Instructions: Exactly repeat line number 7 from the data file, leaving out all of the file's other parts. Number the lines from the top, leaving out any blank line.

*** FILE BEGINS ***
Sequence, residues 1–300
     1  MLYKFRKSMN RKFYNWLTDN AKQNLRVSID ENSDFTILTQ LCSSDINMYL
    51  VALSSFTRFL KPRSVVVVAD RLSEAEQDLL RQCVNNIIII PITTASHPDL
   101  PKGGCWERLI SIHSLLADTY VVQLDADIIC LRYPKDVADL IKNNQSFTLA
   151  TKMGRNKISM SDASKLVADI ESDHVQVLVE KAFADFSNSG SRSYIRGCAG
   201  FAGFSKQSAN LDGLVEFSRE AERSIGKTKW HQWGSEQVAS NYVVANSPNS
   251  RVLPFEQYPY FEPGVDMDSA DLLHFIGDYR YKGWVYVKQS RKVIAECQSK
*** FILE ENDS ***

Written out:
   251  RVLPFEQYPY FEPGVDMDSA DLLHFIGDYR YKGWVYVKQS RKVIAECQSK